Haryana and Beyond: Right to Contest in Elections

Nebil Nizar
1 Dec 2015 4:51 AM GMT
Haryana and Beyond: Right to Contest in Elections
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An amendment to the Haryana Panchayati Raj Institutions Act resulted to unwarranted controversy and is now challenged before the Supreme Court of India. The impugned amendment prescribes qualifications for contesting in elections to the local self governments and also holding positions.

The Constitution of India directs the Government to take steps to organise village panchayats and also endow them with such powers and authority as may be necessary to enable them to function as units of self-government. It is this direction that government heeded to by enacting the 73rd and 74th Constitutional Amendment.

Art.326 of the Indian Constitution guarantees Universal adult suffrage to all Indian Citizens. The same has been re-iterated in Section 62 of Representation of People Act, 1951. Principle of equality and non discrimination were in the minds of the makers. The earlier administrators imposed qualifications for casting vote in this country. Later, a few were impregnated with the thought that those educated should only form part of electorate of this country. Our constitution makers were of the firm belief in the ability and worth of all adult citizens as ‘equals’ in the matter of deciding what is good for the society and for the country.

A speech by Stanford University professor Larry Diamond gives an overview of what is democracy

  1. A political system for choosing and replacing the government through free and fair elections.
  2. The active participation of the people, as citizens, in politics and civic life.
  3. Protection of the human rights of all citizens.
  4. A rule of law, in which the laws and procedures apply equally to all citizens.

Participation of people means participatory democracy. Participatory democracy does not limit itself to mere voting, it includes greater political representation. A broader interpretation is the need. The new Haryana law requires that general candidates must have passed class X examinations while women and Dalit candidates need to have cleared class VIII and V respectively. State like Haryana standing with only 74% literacy and out of which, 2001 census says that only 14.1 % are Matriculates, it would be ‘injustice’ to prescribe a minimum educational qualification for becoming the representatives of people. This can be substantiated with a news story published in September this year with The Tribune narrating ground level reality in Begpur village of Kaithal District of Haryana, where the post of Sarpanch is reserved for a Scheduled caste candidate, is unable to find an SC candidate with the mandatory educational qualifications prescribed in the new amendment. This is not a problem with one Panchayat alone. The new law will stand as a stumbling block over women and people from under privileged sections of society from contesting.

Moreover, strong common sense does not say that education certificates certify wisdom, intelligence or Leader like qualities. The so called certificated educated persons can use pen with confidence and nothing beyond that. A Panchayat President is expected to be the Leader of the local society there. He/she should understand their problems, must empathise with people. It is the wise bureaucracy that is selected from the best in the state runs the day to day administration. As the head of the village administration, he/ she are expected to be a decision maker and a visionary. As a representative and more to that, a leader, a Panchayat president should have ‘wisdom’. Wisdom comes from experience alone. A great visionary like K. Kamaraj Nadar popularised free schooling and introduced mid day meal scheme in Tamil Nadu. He never studied beyond high school. Today mid day meal scheme is implemented all over the country. The dream of a Chief Minister coupled with his will power to implement a scheme overlooking the usual financial burden theory of bureaucracy, is today behind the progress of the small south Indian state.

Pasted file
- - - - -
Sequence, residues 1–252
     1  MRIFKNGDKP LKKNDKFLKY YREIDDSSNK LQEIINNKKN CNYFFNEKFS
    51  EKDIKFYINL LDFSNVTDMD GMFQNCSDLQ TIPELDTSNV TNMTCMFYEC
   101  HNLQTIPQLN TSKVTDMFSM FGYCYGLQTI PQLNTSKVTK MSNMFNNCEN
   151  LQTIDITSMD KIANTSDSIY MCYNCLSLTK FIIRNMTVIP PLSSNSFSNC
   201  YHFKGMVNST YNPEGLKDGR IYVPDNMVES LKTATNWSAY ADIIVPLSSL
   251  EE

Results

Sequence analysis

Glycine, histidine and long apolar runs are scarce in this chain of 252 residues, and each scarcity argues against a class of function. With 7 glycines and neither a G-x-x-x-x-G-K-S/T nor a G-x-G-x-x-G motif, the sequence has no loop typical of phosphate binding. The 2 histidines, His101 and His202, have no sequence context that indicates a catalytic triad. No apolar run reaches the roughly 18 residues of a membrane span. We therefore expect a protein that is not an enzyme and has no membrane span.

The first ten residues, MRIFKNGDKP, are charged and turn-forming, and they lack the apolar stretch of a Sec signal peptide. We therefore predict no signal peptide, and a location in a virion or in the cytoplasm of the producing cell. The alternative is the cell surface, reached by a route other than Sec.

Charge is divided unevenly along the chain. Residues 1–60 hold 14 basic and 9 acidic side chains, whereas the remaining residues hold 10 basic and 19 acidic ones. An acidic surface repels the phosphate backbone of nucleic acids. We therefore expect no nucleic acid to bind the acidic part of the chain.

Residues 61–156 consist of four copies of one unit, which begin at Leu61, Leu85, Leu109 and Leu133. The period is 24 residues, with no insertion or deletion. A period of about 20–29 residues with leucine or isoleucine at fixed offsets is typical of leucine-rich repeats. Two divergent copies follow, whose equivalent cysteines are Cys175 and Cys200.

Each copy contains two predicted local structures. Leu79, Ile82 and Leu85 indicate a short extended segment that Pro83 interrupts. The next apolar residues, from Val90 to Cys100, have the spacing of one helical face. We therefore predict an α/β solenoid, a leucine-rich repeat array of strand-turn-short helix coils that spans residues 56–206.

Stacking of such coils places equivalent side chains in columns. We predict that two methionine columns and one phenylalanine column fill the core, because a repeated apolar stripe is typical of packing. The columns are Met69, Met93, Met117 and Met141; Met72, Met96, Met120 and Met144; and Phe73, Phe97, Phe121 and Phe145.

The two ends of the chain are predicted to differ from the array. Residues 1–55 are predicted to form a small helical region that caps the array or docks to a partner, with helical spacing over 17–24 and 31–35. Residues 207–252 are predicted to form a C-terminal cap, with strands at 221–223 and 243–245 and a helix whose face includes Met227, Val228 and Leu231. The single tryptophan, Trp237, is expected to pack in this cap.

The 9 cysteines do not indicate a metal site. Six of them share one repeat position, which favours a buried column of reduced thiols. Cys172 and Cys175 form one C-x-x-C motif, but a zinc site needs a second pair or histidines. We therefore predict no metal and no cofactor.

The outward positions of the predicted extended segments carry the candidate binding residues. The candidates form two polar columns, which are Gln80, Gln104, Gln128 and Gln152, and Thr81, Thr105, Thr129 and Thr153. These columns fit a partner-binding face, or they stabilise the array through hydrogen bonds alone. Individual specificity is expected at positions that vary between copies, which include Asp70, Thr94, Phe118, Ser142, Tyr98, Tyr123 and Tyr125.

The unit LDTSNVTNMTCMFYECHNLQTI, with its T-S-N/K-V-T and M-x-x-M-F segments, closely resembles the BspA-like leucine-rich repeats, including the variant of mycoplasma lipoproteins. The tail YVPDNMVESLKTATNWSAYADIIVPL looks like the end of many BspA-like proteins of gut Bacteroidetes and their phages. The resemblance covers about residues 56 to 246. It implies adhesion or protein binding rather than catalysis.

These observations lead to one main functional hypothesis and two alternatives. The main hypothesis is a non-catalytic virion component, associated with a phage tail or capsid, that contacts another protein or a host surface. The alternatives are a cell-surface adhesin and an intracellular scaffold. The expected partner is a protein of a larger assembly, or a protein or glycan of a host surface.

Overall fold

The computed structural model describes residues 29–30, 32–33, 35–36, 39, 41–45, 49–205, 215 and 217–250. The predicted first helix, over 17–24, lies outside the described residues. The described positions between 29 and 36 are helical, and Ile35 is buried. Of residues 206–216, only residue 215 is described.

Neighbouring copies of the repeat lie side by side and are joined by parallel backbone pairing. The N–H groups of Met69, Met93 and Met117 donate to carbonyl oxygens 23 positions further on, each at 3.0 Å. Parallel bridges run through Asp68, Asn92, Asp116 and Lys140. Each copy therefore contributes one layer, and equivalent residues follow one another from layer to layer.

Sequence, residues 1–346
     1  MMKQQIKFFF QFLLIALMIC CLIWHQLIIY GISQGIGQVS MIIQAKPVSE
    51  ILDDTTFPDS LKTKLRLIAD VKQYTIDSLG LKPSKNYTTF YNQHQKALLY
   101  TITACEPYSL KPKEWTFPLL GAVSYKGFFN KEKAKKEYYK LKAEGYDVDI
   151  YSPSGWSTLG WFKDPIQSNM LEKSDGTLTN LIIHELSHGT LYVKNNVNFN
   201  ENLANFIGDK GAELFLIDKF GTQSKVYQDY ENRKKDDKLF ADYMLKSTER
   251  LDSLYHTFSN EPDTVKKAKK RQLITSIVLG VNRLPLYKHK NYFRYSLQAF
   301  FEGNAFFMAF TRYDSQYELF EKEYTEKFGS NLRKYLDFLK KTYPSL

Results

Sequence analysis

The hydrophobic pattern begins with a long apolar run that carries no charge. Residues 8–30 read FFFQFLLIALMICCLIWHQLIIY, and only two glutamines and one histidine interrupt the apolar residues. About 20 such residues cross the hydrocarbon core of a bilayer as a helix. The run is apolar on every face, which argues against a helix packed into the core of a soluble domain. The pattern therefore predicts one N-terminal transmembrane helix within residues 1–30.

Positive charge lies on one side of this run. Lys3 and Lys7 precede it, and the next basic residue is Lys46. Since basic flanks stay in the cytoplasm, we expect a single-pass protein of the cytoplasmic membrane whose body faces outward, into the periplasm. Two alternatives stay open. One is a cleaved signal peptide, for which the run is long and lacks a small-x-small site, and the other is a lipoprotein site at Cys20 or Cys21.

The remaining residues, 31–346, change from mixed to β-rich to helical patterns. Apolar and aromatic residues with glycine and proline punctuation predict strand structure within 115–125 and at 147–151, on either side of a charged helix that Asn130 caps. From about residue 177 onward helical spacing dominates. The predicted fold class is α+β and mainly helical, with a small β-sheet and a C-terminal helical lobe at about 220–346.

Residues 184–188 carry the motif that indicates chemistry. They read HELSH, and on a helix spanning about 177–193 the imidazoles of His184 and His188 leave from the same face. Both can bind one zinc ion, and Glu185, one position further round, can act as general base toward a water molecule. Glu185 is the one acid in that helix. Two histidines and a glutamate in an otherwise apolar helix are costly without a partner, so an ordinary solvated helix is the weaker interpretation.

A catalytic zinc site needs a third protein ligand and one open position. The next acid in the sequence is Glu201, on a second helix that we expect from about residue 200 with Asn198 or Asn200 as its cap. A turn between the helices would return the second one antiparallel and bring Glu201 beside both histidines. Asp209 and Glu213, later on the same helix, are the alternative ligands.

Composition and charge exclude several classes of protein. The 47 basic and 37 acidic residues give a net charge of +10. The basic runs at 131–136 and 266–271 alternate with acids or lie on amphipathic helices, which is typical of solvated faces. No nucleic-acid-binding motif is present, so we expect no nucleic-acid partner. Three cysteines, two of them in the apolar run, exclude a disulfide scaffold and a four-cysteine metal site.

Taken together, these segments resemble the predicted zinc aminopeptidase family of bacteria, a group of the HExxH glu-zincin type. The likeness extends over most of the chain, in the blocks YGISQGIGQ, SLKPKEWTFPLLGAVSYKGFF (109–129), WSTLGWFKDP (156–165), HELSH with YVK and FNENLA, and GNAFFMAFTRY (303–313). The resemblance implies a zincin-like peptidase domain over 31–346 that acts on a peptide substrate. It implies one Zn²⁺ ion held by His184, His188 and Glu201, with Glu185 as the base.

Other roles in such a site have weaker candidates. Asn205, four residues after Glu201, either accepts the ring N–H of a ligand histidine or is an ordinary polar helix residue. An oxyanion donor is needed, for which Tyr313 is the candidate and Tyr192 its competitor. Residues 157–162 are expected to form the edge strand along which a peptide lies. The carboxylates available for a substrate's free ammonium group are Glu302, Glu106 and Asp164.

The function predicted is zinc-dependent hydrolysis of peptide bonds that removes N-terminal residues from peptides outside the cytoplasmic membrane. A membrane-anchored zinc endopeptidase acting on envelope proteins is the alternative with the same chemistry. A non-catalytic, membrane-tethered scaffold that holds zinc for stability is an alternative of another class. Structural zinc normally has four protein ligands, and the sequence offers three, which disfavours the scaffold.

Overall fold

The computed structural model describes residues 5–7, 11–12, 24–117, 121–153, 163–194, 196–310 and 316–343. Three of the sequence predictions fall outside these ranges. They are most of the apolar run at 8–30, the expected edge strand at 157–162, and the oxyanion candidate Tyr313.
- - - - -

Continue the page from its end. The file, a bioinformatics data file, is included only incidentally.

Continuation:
Government of India’s NCERT asks in a book- What makes an election democratic. It says the answer as well.

1- Everyone should be able to choose. This means everyone should have one vote and every vote should have equal value.
2- There should be something to choose from. Parties and candidates should be free to contest elections and should offer some real choice to the voters.
3- The choice should be offered at regular intervals.
4- The candidates preferred by the people should get elected.
5- Election should be conducted in a free and fair manner where people can choose as they really wish.

The observance of all this made our country one of the most vibrant democracies in the world.

The Supreme Court of India in an assortment of cases has held that Right to contest in election is neither a fundamental right nor a constitutional right. This once again re-iterated decision of the apex court in Javed v. State of Haryana gave confidence to the State of Haryana to take away the right to choice of the electoral public, who comes to take part in the festival of democracy. Right to vote is a part of basic structure of the Constitution, but right to select candidates is not. This seems to this author like an illogical corollary. The same logic applied to Art. 21- Right to Life in some Judgements in the 1950s and 60s makes us to divide constitutional history as before Maneka Gandhi and after Maneka Gandhi. May the apex court not fail us. Indian Parliament, as the legitimate voice of the people of this country, should amend the supreme law of this land and incorporate Right to Contest in an Election a Constitutional Right.

Image from here.

Nebil Nizar-min

Nebil Nizar is a lawyer and an independent researcher based in New Delhi.

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